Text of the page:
• by rmdingler ( 1955220 ) on Thursday November 19, 2015 @10:10AM (#50961767) Journal
    Governors use a high profile, tragic terrorist attack to implement some freedom-strangling legislation.

    Freedom for safety... what could go wrong?

    • The fact here though is that this douche nozzle is just a DA. According to the website: manhattanDA.org the responsibility of the Manhattan DA is:

      The District Attorney's Office represents the People of the State of New York in bringing charges against a suspect in a court of law. The New York County District Attorney's Office has the responsibility and authority to investigate and prosecute crimes in the borough of Manhattan.

      His role is to represent the people. In this instance he is not representing the p

  • by PvtVoid ( 1252388 ) on Thursday November 19, 2015 @10:12AM (#50961793)

    "Manhattan DA Pushes for Zero Knowledge Policy"

    You're welcome.

  • Please provide verifiable numbers to support your position.
    • Ya see if we could just dragnet more communications I'm sure he could get more pedo's and wannabe terrorists (like that teenager the FBI entrapped). Mr DA wants some easy stats for his election PR.

  • by Dereck1701 ( 1922824 ) on Thursday November 19, 2015 @10:21AM (#50961881)

    Zero-knowledge encryption? Sounds like they're trying to invent some new buzzword to try to make something almost no one could argue against, secured communications and records for banking, conversations & confidential information (medical records, personal matters, etc). It should also be noted that there is a really good reason for this move to decentralized encryption, the feds simply couldn't keep their hands out of the cookie jar. That and there are no indications that allowing the government full access to communications has any effect on terrorist activity, its pretty obvious that they were hoovering information before 9/11 and it didn't stop that, they've created massive data centers and tied in with ISPs throughout the globe and they didn't stop Paris, Metrojet Flight 9268, Boston or any of the other major attacks. I find it disturbing they can argue for ever increasing levels of surveillance when the massive levels they are already spending tens of billions of dollars and not stopping a few nuts chatting over text messages.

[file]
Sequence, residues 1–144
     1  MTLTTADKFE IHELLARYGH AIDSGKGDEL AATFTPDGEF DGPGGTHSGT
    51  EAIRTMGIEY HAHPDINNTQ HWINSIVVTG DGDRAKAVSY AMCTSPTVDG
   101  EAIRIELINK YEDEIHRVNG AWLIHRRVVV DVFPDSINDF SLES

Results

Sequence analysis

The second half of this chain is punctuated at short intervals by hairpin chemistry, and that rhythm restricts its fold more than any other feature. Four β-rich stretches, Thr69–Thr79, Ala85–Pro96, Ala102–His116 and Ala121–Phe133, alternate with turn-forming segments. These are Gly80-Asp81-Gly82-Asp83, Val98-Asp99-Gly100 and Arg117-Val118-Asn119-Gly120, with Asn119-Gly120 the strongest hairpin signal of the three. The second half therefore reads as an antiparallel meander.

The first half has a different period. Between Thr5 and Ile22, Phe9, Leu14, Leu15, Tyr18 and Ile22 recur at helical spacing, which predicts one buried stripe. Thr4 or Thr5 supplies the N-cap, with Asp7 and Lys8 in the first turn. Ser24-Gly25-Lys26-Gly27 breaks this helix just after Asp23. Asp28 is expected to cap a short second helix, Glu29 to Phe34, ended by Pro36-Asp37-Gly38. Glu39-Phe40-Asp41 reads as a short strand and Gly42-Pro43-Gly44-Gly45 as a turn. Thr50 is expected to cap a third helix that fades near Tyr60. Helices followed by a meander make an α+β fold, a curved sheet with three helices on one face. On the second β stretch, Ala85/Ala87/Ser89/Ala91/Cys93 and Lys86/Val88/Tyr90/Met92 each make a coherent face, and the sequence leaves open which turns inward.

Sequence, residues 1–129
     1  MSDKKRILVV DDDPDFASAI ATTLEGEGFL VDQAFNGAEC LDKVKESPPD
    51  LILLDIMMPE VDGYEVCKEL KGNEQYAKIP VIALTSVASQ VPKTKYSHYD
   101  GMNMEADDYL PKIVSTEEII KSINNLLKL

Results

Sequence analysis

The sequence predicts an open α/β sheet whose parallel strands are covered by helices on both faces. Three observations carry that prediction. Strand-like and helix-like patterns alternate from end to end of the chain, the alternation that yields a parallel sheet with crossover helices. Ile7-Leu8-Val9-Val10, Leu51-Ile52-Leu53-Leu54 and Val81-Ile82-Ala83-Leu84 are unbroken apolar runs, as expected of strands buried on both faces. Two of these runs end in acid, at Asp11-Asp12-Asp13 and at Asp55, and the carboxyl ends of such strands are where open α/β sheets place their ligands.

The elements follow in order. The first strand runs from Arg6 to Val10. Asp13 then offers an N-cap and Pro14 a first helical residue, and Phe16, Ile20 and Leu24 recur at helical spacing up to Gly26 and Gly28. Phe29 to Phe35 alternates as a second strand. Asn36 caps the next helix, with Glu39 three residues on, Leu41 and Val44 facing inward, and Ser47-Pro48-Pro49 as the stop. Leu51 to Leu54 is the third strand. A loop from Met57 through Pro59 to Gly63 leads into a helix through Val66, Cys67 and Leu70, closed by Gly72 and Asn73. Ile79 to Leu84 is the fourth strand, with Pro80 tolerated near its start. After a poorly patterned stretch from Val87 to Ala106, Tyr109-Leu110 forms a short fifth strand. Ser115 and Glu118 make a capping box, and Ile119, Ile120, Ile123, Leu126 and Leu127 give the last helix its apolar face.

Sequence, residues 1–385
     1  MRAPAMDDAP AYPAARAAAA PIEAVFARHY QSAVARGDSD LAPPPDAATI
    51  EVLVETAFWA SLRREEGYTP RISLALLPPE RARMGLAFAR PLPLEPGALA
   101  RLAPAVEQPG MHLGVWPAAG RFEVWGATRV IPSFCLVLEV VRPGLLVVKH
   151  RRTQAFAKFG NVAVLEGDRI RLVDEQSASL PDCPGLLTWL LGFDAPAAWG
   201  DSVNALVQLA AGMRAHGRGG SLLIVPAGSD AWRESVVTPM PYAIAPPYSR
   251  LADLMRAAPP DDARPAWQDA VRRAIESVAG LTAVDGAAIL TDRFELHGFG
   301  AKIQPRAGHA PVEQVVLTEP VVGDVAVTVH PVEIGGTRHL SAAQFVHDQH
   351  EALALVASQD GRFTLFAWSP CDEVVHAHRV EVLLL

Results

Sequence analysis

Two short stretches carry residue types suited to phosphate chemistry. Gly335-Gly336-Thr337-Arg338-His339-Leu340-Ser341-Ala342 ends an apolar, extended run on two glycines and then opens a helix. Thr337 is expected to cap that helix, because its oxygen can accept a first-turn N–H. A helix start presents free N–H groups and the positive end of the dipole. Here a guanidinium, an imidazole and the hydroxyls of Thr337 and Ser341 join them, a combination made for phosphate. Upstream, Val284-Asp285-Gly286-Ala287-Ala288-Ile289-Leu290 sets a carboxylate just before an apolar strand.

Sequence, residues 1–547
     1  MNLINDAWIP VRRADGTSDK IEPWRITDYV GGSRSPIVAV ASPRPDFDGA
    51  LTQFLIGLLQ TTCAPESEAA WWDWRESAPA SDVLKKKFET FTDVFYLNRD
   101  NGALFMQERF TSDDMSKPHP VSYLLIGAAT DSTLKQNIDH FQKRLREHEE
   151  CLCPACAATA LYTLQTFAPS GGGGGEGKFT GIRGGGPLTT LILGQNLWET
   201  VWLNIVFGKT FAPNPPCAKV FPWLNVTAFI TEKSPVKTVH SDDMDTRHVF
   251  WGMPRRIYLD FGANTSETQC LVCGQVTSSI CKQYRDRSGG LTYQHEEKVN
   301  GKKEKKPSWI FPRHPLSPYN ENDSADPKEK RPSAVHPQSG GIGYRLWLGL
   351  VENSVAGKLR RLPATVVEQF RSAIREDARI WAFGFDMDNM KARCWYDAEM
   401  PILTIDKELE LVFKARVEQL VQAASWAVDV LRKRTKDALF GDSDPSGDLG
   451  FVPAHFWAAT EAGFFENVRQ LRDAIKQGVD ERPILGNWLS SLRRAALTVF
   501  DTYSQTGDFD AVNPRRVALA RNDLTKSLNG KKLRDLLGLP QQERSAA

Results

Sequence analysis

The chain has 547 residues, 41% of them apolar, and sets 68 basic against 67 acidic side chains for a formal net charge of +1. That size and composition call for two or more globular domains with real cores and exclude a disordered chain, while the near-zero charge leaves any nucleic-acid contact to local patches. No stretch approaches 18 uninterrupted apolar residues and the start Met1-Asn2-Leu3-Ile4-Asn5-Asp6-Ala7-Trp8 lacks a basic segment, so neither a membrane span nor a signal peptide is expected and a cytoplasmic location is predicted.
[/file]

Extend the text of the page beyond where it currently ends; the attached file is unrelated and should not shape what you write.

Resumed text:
• It is worse than that. "Zero-knowledge proofs" is a specific term of art in the encryption field that has a specific meaning. It doesn't have anything to do with encrypting Android or IOS phones, as far as I know.

      https://en.wikipedia.org/wiki/... [wikipedia.org]

      Someone had too many buzzwords with their coffee, I think.

    • by gstoddart ( 321705 ) on Thursday November 19, 2015 @11:22AM (#50962335) Homepage

      Zero-knowledge encryption? Sounds like they're trying to invent some new buzzword

      In this case, it's being used by Apple and Google (and likely others) to say "we have zero knowledge of how to decrypt this because we haven't given it to ourselves".

      This is them trying to wash their hands of it and say "we can't help you, you need to get subpoenas and contact the user", but leave us out of this.

      to try to make something almost no one could argue against, secured communications and records for banking, conversations & confidential information (medical records, personal matters, etc)

      And why do you say that like it's a bad thing? They're explicitly saying "since we have zero knowledge of how to decrypt it, it is safe for those things".

      Isn't this what we want?

      The DA wants "zero-knowledge" encryption to go away. Apple et al are saying "we don't want to do that". Are you arguing that Apple and Google are wrong here?

      • by Wycliffe ( 116160 ) on Thursday November 19, 2015 @12:25PM (#50962833) Homepage

        The DA wants "zero-knowledge" encryption to go away. Apple et al are saying "we don't want to do that". Are you arguing that Apple and Google are wrong here?